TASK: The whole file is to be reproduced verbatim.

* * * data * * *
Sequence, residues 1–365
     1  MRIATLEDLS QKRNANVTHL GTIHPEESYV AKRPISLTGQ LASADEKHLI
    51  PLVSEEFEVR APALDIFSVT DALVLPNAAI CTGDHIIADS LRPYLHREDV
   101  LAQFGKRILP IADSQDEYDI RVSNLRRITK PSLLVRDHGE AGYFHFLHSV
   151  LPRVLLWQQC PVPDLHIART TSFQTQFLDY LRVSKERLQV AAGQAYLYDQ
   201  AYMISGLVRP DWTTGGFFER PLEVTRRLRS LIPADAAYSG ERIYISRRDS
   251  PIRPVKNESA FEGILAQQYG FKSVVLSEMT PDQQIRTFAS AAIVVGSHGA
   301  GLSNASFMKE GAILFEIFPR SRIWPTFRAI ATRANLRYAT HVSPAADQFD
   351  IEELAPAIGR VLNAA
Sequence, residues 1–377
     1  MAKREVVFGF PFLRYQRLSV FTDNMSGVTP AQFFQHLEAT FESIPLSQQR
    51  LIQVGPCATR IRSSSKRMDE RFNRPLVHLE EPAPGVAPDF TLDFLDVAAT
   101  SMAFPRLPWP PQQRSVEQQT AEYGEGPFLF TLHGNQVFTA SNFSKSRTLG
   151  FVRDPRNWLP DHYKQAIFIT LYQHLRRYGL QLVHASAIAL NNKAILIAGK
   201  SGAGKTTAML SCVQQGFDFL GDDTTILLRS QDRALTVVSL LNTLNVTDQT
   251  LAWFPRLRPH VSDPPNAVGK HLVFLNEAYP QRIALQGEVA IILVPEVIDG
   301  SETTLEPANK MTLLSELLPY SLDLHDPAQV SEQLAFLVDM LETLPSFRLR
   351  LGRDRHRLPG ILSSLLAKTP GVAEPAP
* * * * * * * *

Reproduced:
Sequence, residues 1–365
     1  MRIATLEDLS QKRNANVTHL GTIHPEESYV AKRPISLTGQ LASADEKHLI
    51  PLVSEEFEVR APALDIFSVT DALVLPNAAI CTGDHIIADS LRPYLHREDV
   101  LAQFGKRILP IADSQDEYDI RVSNLRRITK PSLLVRDHGE AGYFHFLHSV
   151  LPRVLLWQQC PVPDLHIART TSFQTQFLDY LRVSKERLQV AAGQAYLYDQ
   201  AYMISGLVRP DWTTGGFFER PLEVTRRLRS LIPADAAYSG ERIYISRRDS
   251  PIRPVKNESA FEGILAQQYG FKSVVLSEMT PDQQIRTFAS AAIVVGSHGA
   301  GLSNASFMKE GAILFEIFPR SRIWPTFRAI ATRANLRYAT HVSPAADQFD
   351  IEELAPAIGR VLNAA
Sequence, residues 1–377
     1  MAKREVVFGF PFLRYQRLSV FTDNMSGVTP AQFFQHLEAT FESIPLSQQR
    51  LIQVGPCATR IRSSSKRMDE RFNRPLVHLE EPAPGVAPDF TLDFLDVAAT
   101  SMAFPRLPWP PQQRSVEQQT AEYGEGPFLF TLHGNQVFTA SNFSKSRTLG
   151  FVRDPRNWLP DHYKQAIFIT LYQHLRRYGL QLVHASAIAL NNKAILIAGK
   201  SGAGKTTAML SCVQQGFDFL GDDTTILLRS QDRALTVVSL LNTLNVTDQT
   251  LAWFPRLRPH VSDPPNAVGK HLVFLNEAYP QRIALQGEVA IILVPEVIDG
   301  SETTLEPANK MTLLSELLPY SLDLHDPAQV SEQLAFLVDM LETLPSFRLR
   351  LGRDRHRLPG ILSSLLAKTP GVAEPAP